Pamela Geller’s Texas stunt

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"No Mosque" symbol of hostility to Islam in America

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"No Mosque" symbol of hostility to Islam in America

"No Mosque" symbol of hostility to Islam in America

“No Mosque” symbol of hostility to Islam in America

So what have we learned from the shootings in Texas? According to Pamela Geller, agente provocateuse of the Anti-Muslim International, it’s that “this is a war.”

She wishes. What we’ve learned is that if you go to the Dallas metroplex and announce you are holding a “Muhammad Art Exhibit and Contest,” a couple of jihadi wannabes will arrive and try to shoot up the place. How many of you find this surprising?

The would-be assassins are themselves dead, and deserve no sympathy. They took the bait, and for their pains became the latest casualties of their own benighted values.

But no one should mistake Geller’s American Freedom Defense Initiative for Charlie Hebdo. The staff members who were murdered in January were satirists of all pieties, all establishments. If they behaved with bad taste, they stood for something worth standing for: free expression, without fear or favor. Geller & Co. are about something not worth standing for: hostility to a great religious tradition.

No doubt, they are now congratulating themselves on a job well done: two dead Muslims and massive publicity for their cause. They are happy to take advantage of the guarantees of the First Amendment, to advertise their hate-filled messages on buses and subways, to do their best to promote open hostility to Islam.

From time to time Americans have yielded to such fear-mongering — of Catholics in the 19th century, Germans during World War I, Japanese during World War II, Communists after both world wars — and lived to regret it. Since the attack of 9/11, we’ve done a pretty good job of keeping our balance regarding Muslims. Geller’s antics are a useful reminder of what it’s like to do otherwise.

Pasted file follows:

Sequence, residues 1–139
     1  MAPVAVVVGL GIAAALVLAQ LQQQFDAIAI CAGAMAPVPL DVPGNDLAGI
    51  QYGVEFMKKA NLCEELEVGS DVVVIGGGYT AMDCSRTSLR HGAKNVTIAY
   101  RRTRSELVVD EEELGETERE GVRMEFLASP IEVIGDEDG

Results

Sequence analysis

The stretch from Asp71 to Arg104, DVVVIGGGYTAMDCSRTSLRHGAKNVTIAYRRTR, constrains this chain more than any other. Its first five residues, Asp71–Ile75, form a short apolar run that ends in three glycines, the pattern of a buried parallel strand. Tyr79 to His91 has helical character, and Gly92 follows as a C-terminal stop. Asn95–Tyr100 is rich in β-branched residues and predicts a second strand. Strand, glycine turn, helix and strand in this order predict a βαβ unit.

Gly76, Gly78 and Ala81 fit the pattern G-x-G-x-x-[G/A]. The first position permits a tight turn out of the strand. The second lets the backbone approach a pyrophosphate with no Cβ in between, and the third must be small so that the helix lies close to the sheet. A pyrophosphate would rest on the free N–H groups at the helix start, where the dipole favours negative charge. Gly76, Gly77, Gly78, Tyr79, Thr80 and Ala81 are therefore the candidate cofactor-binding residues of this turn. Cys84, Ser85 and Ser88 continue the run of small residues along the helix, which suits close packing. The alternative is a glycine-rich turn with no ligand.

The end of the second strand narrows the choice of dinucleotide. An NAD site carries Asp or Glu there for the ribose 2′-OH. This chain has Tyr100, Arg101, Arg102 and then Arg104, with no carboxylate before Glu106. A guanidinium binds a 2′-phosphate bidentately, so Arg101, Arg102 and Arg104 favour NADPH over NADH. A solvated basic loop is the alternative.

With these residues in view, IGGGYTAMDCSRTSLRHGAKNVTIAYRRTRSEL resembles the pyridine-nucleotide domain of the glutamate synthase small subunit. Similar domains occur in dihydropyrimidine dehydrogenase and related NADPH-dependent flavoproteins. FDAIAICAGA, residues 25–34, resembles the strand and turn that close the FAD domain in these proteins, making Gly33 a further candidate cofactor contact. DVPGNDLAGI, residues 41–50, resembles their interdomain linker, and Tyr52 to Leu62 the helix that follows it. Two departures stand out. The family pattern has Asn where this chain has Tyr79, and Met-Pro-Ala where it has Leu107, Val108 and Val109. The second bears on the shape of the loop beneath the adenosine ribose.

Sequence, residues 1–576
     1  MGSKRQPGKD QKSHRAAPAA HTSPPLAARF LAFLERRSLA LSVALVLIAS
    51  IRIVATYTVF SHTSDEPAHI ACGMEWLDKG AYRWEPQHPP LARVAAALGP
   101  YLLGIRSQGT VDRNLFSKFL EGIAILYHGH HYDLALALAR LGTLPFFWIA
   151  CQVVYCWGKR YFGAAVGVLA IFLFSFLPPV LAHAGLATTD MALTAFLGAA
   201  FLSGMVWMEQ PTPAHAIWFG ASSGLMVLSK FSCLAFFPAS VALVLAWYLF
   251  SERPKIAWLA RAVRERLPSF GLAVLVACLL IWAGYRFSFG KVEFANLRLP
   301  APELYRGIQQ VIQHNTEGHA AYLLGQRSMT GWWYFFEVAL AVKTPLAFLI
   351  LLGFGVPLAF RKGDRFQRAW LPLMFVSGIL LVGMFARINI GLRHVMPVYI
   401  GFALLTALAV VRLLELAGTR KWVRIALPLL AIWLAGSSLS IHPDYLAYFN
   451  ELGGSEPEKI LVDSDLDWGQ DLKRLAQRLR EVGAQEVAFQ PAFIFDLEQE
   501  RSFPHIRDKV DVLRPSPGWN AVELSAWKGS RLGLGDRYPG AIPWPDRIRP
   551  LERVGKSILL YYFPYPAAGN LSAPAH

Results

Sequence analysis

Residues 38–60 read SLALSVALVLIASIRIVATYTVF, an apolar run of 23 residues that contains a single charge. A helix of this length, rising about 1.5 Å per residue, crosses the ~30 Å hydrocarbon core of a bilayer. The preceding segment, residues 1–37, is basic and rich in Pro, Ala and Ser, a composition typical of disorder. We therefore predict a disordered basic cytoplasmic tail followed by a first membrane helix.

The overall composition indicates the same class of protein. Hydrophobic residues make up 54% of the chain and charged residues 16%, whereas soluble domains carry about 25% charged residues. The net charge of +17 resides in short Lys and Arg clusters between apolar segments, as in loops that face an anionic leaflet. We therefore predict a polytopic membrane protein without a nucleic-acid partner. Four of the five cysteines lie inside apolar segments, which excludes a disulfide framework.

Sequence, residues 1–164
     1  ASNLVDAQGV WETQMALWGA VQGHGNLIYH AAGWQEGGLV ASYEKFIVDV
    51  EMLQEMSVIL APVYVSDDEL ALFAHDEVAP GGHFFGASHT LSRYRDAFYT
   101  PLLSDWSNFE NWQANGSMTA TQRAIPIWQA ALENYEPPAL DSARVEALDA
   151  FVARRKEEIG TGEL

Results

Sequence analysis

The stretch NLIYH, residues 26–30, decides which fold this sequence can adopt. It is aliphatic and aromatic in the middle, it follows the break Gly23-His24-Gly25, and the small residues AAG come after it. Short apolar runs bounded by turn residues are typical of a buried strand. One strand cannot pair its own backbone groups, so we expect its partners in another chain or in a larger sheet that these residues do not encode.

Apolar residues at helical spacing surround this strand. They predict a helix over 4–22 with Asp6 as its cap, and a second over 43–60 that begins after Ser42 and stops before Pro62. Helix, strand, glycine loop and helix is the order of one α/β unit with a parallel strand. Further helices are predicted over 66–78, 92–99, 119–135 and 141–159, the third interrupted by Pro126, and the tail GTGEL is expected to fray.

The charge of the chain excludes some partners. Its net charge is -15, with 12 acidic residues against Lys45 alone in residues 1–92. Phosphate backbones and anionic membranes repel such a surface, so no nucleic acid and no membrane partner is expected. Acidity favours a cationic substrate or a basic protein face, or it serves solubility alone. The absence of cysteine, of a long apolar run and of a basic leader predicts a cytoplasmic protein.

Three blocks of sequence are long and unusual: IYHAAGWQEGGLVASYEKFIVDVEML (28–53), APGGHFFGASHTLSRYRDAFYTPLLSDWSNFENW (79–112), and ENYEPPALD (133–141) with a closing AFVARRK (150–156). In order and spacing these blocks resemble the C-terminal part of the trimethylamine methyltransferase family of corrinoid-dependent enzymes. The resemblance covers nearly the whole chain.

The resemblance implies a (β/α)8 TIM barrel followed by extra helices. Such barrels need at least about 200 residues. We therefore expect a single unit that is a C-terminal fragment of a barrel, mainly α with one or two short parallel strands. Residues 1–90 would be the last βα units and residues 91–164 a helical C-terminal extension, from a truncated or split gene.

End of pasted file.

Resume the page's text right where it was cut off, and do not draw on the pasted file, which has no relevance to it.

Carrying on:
• Tim

    Leaving aside any discussion around PG. Can someone please explain why an ideology that was spread by the sword since the 7th century, that which continues to this day should not be questioned and challenged?

  • Larry

    People have the same right to question and challenge Islam as they do any religion. Including that one which was spread by the sword from the 2nd Century to the mid 20th century.

    Its a pity too many people are under the boneheaded assumption that one can oppose extremism with more extremism.

    Pamela Gellar is a great tool for Islamic fundamentalists. By framing things as opposition to Islam as a whole, rather than the extremists, she confirms the Islamicist propaganda. ISIS should be sending her checks for all the support she is giving them.

  • Jack

    Pam Geller is not one of my favorite people. For one thing, she has managed to pick fights with genuine Muslim reformers, including those who have bravely risked their lives every day to stand not only for reform within Islam but in favor of the United States and the free world.

    Nonetheless, I don’t see what we gain by keeping the focus on her rather than the radical Islamist enemy of both human life and human freedom.

    The bottom line is that we don’t want to give any appearance to anyone that when it comes to radical Islamism, we are in the appeasement business.

    For that reason, while Pam Geller should be ignored, she shouldn’t be thrown to the wolves. We should throw nobody to the wolves. Instead, we should defeat them. They are the ultimate enemy….Geller is but a distraction.

  • The purpose of protecting freedom of speech isn’t to protect the speech that we agree with but rather that which is unpopular. Perhaps what can be gleaned from the gunmen’s actions are that some will agree to limiting free speech because of the actions of would be terrorists. I don’t agree with Ms. Geller nor did I support the Je Suis Charlie campaign. However I certainly agree with their right to free expression regardless do their motivation.

  • Geller showed that we are at risk for street scale acts of terror, and made a sound exercise of First Amendment freedoms. Your attempt to beatify the satirists at Hebdo while pillorying Geller fails.